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حیدر آباد
State of Hyderabad
Princely state of the British Raj

1724–1948

Flag

Capital Hyderabad
Government Principality
Nizam
 - 1720-48 (first) Asaf Jah I
 - 1911-48 (last) Asaf Jah VII
History
 - Established 1724
 - Annexed by India September 18, 1948

Hyderābād state About this sound pronunciation (Telugu: హైదరాబాదు, Urdu: حیدر آباد) was the largest princely state in the erstwhile British Indian Empire. It was located in the south-central region of the Indian subcontinent, and was ruled, from 1724 until 1948, by a hereditary Nizam. The Berar region of the state was merged with the Central Provinces of British India in 1903, to form the Central Provinces and Berar.

In 1947, at the time of the partition of India and the formation of the Union of India and the Dominion of Pakistan, the then Nizam, Osman Ali Khan, decided not to join either new nation. However, the following year, the Government of India incorporated Hyderabad into the Indian Union, using military force, in what was known as Operation Polo, led by Sardar Vallabhbhai Patel.

The Mughal Empire began to weaken during the reign of Aurangzeb's grandson, Muhammad Shah. A Mughal official, Asif Jah, treacherously defeated a rival Mughal governor to seize control of the empire's southern provinces, declaring himself Nizam-al-Mulk of Hyderabad in 1724. The Mughal emperor, under renewed attack from the Marathas, was unable to prevent it.

The Nizams patronized Islamic art, culture and literature and developed railway network in Hyderabad. Islamic Sharia law was the guiding principle of the Nizams' official machinery.

Contents

During the British Raj

The seniormost (21-gun) salute state during the period of British India, Hyderabad was an 82,000 square mile (212,000 km²) region in the Deccan ruled by the Asif Jahi dynasty, who had the title of Nizam and was bestowed the title of His Exalted Highness by the British. The Nizam set up numerous institutions in the name of the dynasty. He set up schools, colleges, madrasas and a university that imparted education in Urdu. Inspired by the elite and prestigious Indian Civil Service he founded the Hyderabad Civil Service. The pace with which he amassed wealth made him to be the world's richest men in the 1930s, (Time cover story Feb. 22, 1937). Carrying a gift, called Nazrana, in accordance with one's net worth while meeting Nizam was a de facto necessity.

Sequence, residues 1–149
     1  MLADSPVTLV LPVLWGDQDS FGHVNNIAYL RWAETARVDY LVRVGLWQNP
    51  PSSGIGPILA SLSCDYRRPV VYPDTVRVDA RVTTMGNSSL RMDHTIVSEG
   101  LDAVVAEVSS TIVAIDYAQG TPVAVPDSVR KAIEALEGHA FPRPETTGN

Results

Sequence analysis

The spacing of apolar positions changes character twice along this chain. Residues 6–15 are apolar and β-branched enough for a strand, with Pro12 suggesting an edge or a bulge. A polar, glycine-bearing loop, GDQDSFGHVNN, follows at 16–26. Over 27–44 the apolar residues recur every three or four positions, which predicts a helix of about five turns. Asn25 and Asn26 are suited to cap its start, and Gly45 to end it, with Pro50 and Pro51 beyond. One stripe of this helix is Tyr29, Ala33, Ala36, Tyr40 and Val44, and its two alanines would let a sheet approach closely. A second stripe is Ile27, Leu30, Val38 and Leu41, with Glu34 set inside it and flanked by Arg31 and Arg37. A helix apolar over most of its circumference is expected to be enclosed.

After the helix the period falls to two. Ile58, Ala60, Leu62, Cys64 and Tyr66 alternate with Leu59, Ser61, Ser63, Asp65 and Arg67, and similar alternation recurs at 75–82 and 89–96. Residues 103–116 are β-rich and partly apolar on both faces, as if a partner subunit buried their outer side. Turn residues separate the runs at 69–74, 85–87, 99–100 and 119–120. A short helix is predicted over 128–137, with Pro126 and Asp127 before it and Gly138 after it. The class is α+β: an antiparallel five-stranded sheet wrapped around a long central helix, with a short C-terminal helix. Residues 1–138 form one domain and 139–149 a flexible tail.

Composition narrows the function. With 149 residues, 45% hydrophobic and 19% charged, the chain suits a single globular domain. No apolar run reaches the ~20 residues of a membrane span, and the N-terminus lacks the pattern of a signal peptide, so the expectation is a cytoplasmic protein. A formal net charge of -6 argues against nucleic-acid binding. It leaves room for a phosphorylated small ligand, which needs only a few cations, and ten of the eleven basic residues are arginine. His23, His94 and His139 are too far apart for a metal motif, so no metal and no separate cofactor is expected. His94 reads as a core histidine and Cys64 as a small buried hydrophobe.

Industries in pre-Independence Hyderabad

Various industries emerged in pre-independence Hyderabad, the major industries that were established in various parts of Hyderabad/Telengana are[1] .

Industries in pre-Independence Hyderabad
Company Year
Singareni Collieries 1921
Nizam Sugar Factory 1937
Allwyn Metal Works 1942
Praga Tools 1943
Sirsilk 1946
Hyderabad Asbestos 1947

After the British Raj (1947-48)